I personally wouldn't use ketchup. Soy sauce maybe. Any drippings should go back in with the reduction. I assume that the ribeyes will be seasoned with salt and pepper? If you do like ketchup, I'd add a Tbsp of browned tomato paste instead.

                      1. re: Sam Fujisaka

                        Hi Sam. Yes, they'll be seasoned with kosher salt and freshly ground pepper only.
                        Seared in a cast iron skillet then placed in the oven until just so. We love anything with tomatoes in it, so may use ketchup...

                        1. re: bayoucook

                          I'd follow Sam's advice and use some tomato paste instead of ketchup - the ketchup has sugar that ay throw it off a bit. Use the paste and brown it or not. You really need nothing else for the steak - the suace should have a lovely deep flavor that will well complete the meat.

                          1. re: alwayscooking

                            I will disagree as always ... sorry, I don't like ketchup added, but again personal taste. I like more the balsamic with the shallots and herbs, but if you want a richer sweet taste I usually add 1 teaspoon or less of brown sugar, about 1/4 at a time and taste. To me that is more the taste I want, but again. I have tried the ketchup once (I didn't cook) but I did not like it.

                            But hey, we all have different tastes.

                      2. re: bayoucook

                        I like maybe some diced shallots, with the dripping, I think that adds a good contrast, and maybe some simple thyme or rosemary, but go light. I just add a little. Taste as you go. A small shallot grated is great cuz it melts in. My preference, but I do think a little butter is a good recommendation especially with steak. Seasoning to me is a taste issue. Whatever you enjoy and it is really dependent to me on what you are serving on the side.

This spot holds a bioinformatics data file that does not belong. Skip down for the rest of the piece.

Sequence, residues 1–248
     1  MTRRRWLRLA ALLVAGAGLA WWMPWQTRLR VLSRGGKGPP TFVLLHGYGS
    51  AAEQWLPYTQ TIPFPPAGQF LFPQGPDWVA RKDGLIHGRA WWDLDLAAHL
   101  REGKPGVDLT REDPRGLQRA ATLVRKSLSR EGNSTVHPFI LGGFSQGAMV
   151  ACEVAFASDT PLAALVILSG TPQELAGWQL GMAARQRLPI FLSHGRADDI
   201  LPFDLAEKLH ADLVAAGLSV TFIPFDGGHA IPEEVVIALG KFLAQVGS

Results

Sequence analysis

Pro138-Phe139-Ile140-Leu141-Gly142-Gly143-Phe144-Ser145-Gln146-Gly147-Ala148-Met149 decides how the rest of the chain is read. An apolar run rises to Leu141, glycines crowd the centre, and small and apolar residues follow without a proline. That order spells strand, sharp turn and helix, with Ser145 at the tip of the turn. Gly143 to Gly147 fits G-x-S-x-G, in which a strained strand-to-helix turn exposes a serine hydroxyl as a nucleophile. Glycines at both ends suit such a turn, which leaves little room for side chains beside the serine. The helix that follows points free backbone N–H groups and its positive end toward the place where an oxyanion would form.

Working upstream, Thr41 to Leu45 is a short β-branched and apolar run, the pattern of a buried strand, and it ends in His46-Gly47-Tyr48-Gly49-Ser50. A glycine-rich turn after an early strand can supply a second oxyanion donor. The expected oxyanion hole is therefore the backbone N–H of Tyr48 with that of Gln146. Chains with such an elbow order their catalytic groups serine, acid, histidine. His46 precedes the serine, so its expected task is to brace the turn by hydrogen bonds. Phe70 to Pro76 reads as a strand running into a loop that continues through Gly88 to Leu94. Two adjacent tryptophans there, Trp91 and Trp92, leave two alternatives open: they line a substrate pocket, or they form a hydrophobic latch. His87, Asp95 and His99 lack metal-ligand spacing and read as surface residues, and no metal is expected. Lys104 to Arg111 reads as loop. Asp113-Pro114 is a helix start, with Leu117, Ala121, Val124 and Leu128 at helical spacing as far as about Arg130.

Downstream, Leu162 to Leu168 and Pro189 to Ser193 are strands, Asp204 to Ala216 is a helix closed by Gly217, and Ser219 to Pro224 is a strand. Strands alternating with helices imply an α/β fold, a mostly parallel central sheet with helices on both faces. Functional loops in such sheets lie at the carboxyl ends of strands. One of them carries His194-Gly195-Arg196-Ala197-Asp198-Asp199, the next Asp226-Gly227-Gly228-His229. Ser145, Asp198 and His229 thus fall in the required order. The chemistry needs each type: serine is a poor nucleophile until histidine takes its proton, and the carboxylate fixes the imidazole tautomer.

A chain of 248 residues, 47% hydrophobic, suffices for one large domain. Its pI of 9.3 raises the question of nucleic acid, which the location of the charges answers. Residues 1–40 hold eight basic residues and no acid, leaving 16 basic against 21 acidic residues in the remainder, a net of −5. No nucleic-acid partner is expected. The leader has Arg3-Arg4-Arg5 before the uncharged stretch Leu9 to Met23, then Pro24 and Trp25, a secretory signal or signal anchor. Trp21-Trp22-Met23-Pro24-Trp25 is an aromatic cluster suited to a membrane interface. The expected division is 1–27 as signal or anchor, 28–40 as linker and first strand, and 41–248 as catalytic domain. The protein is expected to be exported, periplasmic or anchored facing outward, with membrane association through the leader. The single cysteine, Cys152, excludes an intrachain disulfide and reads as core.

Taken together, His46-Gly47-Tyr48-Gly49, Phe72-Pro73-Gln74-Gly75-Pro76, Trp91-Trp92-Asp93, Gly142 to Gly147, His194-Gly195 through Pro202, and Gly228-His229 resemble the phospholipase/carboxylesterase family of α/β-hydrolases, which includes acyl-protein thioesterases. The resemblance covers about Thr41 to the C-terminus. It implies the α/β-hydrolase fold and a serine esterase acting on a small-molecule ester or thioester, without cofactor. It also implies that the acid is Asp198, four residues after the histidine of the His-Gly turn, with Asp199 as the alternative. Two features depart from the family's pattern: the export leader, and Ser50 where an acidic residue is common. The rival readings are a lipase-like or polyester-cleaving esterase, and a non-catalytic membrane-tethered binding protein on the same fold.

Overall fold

1. re: kchurchill5

                          It's corny, but I'm doing a stuffed baked potato and steamed asparagus. Will that work?

                    2. I reduce a ~4 to 1 mixture of balsamic to ruby port. The port adds some sweetness that balances the acidity nicely.

                      1. You may have already completed your venture, but be aware that you need to crank up the exhaust fan and open a window or 2. Better yet, use a portable burner and do it outside. The smell will permeate your house if you're not careful! Speaking from past experience. ;-)

                        6 Replies
                        1. re: HaagenDazs

                          Thanks, I will. My sunny kitchen faces the bayou and the windows will be open!

                          1. re: bayoucook

                            Preferably with a fan in that open window. :-)

                            1. re: HaagenDazs

                              That bad, huh? I'll bring in my large floor fan that lives in my bedroom.

                          2. re: HaagenDazs

                            Really? I never noticed that. I'm surprised, but OK, I live in FL, windows open more than closed. Point taken if the house is closed. I never noticed and would of never thought of that.

                            1. re: kchurchill5

                              Well, at the time I didn't have an exhaust fan over the stove so everything that vaporized or evaporated stayed put. And yeah, there was a pretty strong smell of vinegar in the house for a day or so. So much that when I do that now, I just do it outside.

                              I guess it just depends on how much you actually reduce, but if you take a cup or 2 of vinegar and boil it away into syrup, you're going to end up with some very significant smells!

                              1. re: HaagenDazs

                                I can imagine, I have a great fan and yes, FL, windows and doors open which certainly helps. I can imagine the smell.

                                I like air, but not that much. In the heat of summer, but not very cold, so I put mine on late so the house is open a lot. One advantage of FL living. However, it does bring in humidity, which is a baking problem, especially during the summer.

                          3. Big thanks to all of you. Will report back!

                            3 Replies
                            1. re: bayoucook

                              You mentioned doing the sauce before and reheating. This will work fine with straight reduction with additional ingredients but not butter. Warm it up slowly it will want to caramelize around edges.( Alos if you let it get too thick - but it hasn't burned ...add some liquid back - it will spring back as long as flavor hasn't gotten scorched)